WALL STREET banks are seriously considering relocating many of their European bankers out of London following the bonus super-tax, sources have told City A.M.
The industry has been working closely with its US-based lobby group, the Securities Industry and Financial Markets Association (SIFMA), to decide whether to relocate some Europe, Middle East and Africa (EMEA) teams.
Early soundings suggests the US banks derive just 20 per cent of their EMEA revenues from the UK itself – even though their regional headquarters and most staff are in London. There is a growing feeling that while some bankers will have to remain in the UK to deal with domestic business, it makes no sense for those who work primarily on European or other
deals to remain in London given the uncertain tax regime.
Yesterday Tullett Prebon, the inter-dealer broking firm headed by City veteran Terry Smith, said all of its 700- odd brokers would be eligible to transfer to its offices in Switzerland, Singapore or Bahrain if they wish to do so. Tullett said it had long been receiving queries over the unfavourable tax policies in the UK, but that the stampede of concerns raised by the pre-Budget Report last week had caused its management to rethink their position.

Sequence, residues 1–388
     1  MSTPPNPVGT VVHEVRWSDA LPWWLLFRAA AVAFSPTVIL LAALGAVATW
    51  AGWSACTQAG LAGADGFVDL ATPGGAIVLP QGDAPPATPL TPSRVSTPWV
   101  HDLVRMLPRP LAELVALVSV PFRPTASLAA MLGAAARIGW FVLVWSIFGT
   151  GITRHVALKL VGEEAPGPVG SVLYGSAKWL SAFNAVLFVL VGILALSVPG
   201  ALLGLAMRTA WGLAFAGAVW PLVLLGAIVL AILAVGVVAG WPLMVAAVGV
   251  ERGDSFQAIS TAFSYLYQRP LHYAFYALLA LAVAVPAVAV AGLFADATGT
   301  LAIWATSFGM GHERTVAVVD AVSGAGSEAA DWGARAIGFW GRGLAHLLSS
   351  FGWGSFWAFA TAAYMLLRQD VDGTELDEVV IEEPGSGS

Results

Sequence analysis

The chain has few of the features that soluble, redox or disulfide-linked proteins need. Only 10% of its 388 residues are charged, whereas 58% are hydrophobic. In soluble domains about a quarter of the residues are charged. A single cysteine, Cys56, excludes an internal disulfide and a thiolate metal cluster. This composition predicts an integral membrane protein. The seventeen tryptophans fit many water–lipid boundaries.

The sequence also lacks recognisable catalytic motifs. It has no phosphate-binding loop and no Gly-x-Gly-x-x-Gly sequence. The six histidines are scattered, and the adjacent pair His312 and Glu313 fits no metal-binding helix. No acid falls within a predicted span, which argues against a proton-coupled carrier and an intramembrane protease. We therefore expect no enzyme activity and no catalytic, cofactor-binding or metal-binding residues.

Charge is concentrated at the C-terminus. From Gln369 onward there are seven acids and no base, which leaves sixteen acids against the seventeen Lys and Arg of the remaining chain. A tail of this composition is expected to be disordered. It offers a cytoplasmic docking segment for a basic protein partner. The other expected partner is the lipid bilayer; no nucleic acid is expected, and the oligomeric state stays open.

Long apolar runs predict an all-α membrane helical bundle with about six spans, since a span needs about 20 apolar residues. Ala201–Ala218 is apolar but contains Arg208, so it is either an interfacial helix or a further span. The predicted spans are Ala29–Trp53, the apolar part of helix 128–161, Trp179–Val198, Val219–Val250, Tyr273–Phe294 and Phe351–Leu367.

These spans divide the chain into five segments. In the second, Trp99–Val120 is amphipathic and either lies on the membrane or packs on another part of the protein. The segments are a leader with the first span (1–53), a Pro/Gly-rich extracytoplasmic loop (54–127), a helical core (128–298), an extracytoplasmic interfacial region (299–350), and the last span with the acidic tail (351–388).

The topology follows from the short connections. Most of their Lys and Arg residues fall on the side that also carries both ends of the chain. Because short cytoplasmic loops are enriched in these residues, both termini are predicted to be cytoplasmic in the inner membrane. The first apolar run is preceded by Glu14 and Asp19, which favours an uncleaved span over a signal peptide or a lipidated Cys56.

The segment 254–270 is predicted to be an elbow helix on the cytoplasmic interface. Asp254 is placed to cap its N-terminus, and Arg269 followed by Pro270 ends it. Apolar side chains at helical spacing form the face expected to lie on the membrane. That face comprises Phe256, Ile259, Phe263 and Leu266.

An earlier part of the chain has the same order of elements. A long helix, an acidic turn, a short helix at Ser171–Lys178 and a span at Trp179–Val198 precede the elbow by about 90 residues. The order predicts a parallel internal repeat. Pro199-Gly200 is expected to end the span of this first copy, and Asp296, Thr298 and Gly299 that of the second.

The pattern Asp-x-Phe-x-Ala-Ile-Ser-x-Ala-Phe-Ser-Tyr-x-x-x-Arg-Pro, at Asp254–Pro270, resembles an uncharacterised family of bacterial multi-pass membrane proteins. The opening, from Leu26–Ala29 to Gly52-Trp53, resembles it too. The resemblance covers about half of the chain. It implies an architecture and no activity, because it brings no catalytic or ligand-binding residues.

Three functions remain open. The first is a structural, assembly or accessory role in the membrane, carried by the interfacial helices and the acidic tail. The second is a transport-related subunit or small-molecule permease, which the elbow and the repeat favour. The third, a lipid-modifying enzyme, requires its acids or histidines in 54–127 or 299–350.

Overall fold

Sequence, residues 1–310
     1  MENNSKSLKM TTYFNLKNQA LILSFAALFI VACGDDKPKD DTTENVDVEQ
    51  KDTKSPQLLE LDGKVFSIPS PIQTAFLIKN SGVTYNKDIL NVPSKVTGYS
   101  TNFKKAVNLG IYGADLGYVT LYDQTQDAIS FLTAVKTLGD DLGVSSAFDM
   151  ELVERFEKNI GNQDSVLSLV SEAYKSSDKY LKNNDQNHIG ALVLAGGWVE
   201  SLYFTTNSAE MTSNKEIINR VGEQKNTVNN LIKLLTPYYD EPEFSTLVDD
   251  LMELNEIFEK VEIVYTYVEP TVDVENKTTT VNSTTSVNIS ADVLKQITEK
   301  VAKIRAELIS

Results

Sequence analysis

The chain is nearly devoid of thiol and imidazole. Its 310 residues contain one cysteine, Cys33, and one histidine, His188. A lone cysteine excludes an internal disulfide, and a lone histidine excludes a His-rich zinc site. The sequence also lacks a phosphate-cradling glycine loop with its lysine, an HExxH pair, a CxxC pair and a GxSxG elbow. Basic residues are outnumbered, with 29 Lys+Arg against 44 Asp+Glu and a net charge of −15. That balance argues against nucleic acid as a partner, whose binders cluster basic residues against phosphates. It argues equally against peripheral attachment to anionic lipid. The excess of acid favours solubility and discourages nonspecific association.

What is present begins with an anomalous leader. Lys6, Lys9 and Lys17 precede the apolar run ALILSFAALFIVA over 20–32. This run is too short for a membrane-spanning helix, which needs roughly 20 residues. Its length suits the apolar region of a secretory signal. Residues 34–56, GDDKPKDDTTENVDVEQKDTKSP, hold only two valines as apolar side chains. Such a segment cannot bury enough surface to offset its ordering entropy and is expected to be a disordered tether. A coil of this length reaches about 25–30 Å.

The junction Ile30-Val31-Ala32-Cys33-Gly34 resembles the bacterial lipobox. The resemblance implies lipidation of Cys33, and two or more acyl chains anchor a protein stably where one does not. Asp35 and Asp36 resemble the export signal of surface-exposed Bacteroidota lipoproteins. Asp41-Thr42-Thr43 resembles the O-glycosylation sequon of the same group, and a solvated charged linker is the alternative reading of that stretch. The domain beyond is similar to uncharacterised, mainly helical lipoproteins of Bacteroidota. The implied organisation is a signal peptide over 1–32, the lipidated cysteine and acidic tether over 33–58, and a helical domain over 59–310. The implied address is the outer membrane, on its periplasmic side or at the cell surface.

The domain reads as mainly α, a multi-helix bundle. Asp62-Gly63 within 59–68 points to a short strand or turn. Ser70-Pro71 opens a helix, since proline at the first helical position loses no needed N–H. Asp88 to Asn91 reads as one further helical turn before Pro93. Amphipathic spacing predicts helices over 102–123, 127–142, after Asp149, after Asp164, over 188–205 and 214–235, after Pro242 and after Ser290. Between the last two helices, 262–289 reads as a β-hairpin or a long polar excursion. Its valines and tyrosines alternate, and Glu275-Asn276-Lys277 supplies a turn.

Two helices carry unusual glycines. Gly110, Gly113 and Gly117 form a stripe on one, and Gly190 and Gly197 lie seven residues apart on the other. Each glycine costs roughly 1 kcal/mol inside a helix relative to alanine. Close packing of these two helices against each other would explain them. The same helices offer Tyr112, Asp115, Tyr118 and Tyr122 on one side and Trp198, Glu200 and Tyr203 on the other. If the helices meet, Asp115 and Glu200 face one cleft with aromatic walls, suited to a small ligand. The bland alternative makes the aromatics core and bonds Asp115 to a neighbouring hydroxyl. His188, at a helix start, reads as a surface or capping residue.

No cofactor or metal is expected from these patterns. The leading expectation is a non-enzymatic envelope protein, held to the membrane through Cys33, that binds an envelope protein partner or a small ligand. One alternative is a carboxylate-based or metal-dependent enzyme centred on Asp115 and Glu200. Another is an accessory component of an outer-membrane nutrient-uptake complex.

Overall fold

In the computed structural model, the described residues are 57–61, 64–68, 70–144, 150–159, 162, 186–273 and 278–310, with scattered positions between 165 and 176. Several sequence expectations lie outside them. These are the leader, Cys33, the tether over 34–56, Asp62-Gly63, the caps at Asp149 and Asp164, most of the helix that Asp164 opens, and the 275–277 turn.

"The key for us is to defend our revenue streams, and that means retaining our broking staff," a Tullett spokesman said. One employee described the news of the tax, which will see City banks pay a 50 per cent one-off levy on all bonuses over £25,000, as a "head of steam which blew the lid off a boiling kettle".
Tullett is also understood to have considered the option of moving its own headquarters to another domicile, following a threat to do so from arch-rival ICAP, headed by Michael Spencer.
Mayor Boris Johnson said Tullett’s announcement "should serve as a reminder that the threat to our competitiveness is very real and the capital’s hard earned competitive lead is being damaged."